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OSHO Online Library   »   The Books   »   The Dhammapada: The Way of the Buddha, Vol. 4
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Chapter 1: Better than a Hundred Years

Better than a hundred years of mischief
is one day spent in contemplation.

Better than a hundred years of ignorance
is one day spent in reflection.

Better than a hundred years of idleness
is one day spent in determination.

Better to live one day wondering
how all things arise and pass away.

Better to live one hour seeing
the one life beyond the way.

Better to live one moment in the moment
of the way beyond the way.

Gautama the Buddha has raised the most important question for all those who are capable of inquiring into truth, into life, into existence. The most important question of all questions is: What is true happiness? And is there a possibility to achieve it? Is true happiness possible at all, or is all momentary? Is life only a dream, or is there something substantial in it too? Does life begin with birth and end with death, or is there something that transcends birth and death? Because without the eternal there is no possibility of true happiness. With the momentary, happiness will remain fleeting: one moment it is here, the other moment gone, and you are left in great despair and darkness.

That’s how it is in ordinary life, in the life of the unawakened. There are moments of bliss and there are moments of misery; it is all mixed, hodgepodge. You cannot keep those moments of happiness that come to you. They come on their own and they disappear on their own; you are not the master. And you cannot avoid the moments of misery; they too have their own persistence. They come on their own and they go on their own; you are simply a victim. And between these two - happiness and unhappiness - you are torn apart. You are never left in ease.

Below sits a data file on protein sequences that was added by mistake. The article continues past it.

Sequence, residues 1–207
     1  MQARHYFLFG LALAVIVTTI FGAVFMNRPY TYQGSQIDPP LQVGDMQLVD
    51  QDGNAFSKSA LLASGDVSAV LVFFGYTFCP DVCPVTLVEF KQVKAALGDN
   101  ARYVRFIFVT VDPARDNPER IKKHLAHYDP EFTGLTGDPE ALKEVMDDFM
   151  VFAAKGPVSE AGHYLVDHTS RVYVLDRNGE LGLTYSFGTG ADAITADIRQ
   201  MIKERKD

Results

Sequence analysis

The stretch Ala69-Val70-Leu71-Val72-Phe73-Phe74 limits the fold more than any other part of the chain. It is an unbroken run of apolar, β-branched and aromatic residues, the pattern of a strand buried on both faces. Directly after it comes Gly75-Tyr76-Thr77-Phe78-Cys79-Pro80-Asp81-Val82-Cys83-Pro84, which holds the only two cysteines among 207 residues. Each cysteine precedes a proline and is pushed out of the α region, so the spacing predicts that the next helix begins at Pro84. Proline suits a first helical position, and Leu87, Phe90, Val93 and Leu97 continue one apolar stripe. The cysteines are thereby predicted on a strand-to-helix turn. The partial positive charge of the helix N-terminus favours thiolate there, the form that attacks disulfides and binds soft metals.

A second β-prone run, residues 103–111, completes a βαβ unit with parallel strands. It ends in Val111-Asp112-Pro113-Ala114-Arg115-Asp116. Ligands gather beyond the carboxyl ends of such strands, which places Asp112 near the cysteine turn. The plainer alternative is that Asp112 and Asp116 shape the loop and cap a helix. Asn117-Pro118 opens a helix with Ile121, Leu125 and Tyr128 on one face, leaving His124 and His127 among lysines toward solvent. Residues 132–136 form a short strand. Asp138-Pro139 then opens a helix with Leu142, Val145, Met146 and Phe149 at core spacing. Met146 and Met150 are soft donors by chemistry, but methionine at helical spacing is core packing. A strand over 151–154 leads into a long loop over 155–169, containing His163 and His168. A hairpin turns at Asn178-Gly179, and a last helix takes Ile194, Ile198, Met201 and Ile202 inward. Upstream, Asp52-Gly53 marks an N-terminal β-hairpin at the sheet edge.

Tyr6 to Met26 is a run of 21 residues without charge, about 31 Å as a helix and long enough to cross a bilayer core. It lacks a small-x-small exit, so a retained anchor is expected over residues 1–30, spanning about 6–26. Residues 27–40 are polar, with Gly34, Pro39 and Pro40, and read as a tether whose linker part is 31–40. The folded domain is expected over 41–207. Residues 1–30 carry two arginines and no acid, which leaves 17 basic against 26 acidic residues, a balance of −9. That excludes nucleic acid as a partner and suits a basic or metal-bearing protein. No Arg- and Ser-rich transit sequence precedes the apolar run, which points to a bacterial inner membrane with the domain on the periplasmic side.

This being torn apart into all kinds of dualities.. The duality of happiness and unhappiness is the most fundamental and the most symptomatic, but there are a thousand and one dualities: the duality of love and hate, the duality of life and death, day and night, summer and winter, youth and old age, and so on, so forth. But the fundamental duality, the duality that represents all other dualities, is that of happiness and unhappiness. And you are torn apart, pulled into different, polar opposite directions. You cannot be at ease: you are in a dis-ease.

According to the buddhas man is a dis-ease. Is this dis-ease absolute - or can it be transcended?

Hence the basic and the most fundamental question is: What is true happiness? Certainly the happiness that we know is not true; it is dream stuff and it always turns into its own opposite. What looks like happiness one moment turns into unhappiness the next.

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